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'Massive' mudslide on Colorado's Grand Mesa leaves three missing

Avalanches and Landslides
'This one we're measuring in miles': Three missing after massive Colorado mudslide

Three people were missing Monday afternoon after a massive, miles-wide mudslide swept down a mountain in rural western Colorado. 

The three unidentified men went missing Sunday after going into the uninhabited slide area on Grand Mesa to check on local farms' source of irrigation water near the West Salt Creek, officials said.

Mesa County Sheriff Stan Hilkey expressed hope Monday that the three might still be found, but noted that much of the "massive" slide area -- about four miles long and two miles wide -- had continued to shift so much that it was unsafe to send in ground searchers.

“We don’t want to create any more of a tragedy than this already is," Hilkey said at a televised news conference on Monday, adding of the missing men, “We hope they may be stranded somewhere in such a way that they’ve avoided it."

The mudslide Sunday began on U.S. Forest Service property after two days of rain. Part of a mountain broke free and brought a wall of snow, rocks and smashed timber down into an area of rural private property that was inaccessible to the general public.

“The slide came down with so much force and velocity that it came to a hill and came up and over a hill and came back down -- a significant hill," Hilkey said, adding that the slide could be up to 200 feet deep in certain areas.

A "sheer wall" remains where the mountain broke away, and further slides are possible, warned the sheriff, who blamed recent rains for the slide. 

“There’s no doubt the slide is tied to the amount of runoff and the rain we got yesterday. That seems very logical to us," Hilkey said.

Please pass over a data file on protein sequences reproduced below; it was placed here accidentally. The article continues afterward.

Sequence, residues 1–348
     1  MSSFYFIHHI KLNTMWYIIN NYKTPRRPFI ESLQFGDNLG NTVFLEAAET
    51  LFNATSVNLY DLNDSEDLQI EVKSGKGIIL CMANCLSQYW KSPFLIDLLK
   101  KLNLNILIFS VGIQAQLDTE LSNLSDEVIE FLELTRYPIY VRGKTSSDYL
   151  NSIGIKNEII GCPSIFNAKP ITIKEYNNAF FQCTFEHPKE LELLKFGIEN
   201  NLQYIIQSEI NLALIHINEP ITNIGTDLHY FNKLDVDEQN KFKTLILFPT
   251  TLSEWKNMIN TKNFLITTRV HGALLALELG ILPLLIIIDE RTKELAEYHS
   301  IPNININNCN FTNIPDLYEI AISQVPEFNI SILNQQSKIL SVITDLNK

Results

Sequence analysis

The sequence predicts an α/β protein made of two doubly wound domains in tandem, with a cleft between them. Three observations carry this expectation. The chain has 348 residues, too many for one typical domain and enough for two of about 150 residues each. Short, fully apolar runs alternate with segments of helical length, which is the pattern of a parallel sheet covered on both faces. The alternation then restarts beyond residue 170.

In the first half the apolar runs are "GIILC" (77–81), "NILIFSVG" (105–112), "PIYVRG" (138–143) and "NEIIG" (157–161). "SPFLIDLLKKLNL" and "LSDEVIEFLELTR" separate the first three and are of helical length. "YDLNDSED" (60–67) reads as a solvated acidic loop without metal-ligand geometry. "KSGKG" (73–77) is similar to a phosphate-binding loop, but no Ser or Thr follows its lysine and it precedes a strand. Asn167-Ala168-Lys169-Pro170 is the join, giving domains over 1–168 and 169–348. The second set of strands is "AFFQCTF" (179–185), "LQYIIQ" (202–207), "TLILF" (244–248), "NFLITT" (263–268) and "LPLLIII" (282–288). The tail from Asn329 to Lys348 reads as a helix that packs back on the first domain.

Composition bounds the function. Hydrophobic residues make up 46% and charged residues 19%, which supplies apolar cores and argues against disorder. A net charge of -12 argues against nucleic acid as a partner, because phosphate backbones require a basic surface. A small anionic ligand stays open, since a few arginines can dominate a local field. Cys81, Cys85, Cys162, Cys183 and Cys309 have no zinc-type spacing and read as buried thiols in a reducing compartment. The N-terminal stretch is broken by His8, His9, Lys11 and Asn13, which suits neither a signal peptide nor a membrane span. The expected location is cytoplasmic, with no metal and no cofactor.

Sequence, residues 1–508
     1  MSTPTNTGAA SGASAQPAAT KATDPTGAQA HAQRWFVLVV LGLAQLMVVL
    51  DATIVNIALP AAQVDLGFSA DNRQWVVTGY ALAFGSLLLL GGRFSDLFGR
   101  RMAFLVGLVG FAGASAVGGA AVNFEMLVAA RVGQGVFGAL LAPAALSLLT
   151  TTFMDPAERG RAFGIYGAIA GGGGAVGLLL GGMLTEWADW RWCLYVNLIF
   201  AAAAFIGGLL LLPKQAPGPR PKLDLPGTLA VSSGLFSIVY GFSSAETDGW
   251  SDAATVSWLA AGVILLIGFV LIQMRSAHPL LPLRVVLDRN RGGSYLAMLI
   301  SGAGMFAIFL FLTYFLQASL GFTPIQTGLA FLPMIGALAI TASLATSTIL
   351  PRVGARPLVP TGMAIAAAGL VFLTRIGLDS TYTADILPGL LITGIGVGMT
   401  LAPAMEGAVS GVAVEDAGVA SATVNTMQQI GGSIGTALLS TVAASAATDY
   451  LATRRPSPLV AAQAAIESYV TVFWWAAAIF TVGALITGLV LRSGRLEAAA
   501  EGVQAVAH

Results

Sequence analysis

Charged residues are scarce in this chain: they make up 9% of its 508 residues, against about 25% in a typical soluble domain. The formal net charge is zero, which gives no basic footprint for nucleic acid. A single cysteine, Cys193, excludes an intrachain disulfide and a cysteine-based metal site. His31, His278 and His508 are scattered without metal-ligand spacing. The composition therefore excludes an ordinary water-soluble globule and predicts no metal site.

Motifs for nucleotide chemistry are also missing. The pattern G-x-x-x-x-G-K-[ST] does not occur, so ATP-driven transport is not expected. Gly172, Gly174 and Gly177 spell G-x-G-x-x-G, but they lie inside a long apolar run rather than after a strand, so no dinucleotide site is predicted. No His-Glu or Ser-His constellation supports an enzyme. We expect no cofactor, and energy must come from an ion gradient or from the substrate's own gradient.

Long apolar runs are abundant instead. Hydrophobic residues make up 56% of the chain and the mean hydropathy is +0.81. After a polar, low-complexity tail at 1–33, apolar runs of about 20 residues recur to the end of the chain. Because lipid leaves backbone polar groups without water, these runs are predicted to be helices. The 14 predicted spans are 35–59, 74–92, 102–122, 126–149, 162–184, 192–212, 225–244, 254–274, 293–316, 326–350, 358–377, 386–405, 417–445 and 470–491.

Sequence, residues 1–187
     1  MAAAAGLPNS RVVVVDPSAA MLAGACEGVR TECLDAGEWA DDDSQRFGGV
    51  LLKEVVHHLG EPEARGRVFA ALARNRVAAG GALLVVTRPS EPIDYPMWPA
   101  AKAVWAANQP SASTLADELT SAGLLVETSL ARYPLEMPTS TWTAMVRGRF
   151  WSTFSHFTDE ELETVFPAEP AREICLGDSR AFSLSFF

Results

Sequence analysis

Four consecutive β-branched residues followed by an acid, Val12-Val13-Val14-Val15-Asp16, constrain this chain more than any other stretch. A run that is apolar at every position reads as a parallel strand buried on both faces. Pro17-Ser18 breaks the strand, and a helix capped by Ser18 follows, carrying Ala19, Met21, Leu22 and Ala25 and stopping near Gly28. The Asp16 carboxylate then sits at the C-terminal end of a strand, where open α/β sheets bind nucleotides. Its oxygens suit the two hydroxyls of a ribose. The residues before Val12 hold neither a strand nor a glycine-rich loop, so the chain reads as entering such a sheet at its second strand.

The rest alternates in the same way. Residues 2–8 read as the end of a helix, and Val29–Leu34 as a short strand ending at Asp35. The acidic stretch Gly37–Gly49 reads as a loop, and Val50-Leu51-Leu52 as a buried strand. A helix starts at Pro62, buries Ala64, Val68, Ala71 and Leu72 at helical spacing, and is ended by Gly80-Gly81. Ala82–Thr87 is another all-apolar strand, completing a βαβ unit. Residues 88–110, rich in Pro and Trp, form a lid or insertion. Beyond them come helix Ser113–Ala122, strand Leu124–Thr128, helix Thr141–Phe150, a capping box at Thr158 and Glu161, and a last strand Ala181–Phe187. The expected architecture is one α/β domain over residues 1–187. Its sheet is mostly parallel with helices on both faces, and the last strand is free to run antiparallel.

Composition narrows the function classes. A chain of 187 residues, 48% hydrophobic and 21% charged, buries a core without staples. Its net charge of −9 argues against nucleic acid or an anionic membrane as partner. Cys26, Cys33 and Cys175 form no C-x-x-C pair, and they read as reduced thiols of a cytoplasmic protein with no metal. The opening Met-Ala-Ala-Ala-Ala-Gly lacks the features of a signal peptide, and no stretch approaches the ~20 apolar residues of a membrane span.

National Weather Service meteorologist Tom Renwick said the area had received 0.3 to 0.7 of an inch of rain Saturday and 0.4 to 0.5 of an inch of rain Sunday -- somewhat normal totals for storms in the area.

"When you add them up, that’s not really impressive," Renwick said of the rainfall, at most totaling 1.2 inches over two days. But the closest sensor was nine miles from the slide, he said, so the affected area might have been hit harder.

The size of the Colorado slide, roughly eight square miles, dwarfs the landslide in Snohomish County, Wash., in March that killed at least 41 people when part of a hillside broke away and swept into a subdivision, covering about one square mile.

The slides are not comparable in terms of human loss: In Colorado, no structures have been reported lost and no evacuations have been necessary.

Hilkey said he had spoken with officials in the Snohomish County Sheriff's Office on Sunday morning and got advice on how to handle the initial stages of the slide search.

“That call was very valuable to us," Hilkey said. But he added that the Snohomish slide was measured in terms of feet, and “this one we’re measuring in miles, and half-mile increments, and the depth of it is overwhelming."

Hilkey said the upper two-thirds of the slide remains unstable, leaving much of the search work to drones that use infrared sensors to search for survivors. Helicopter surveys were to be conducted later in the day, with a hydrologist and a geologist studying the stability of the slide area.

When asked how long cleanup might take, Hilkey said, "I don’t think that the cleanup will occur. We have to assess how much we can do."

Copyright © 2014, Los Angeles Times
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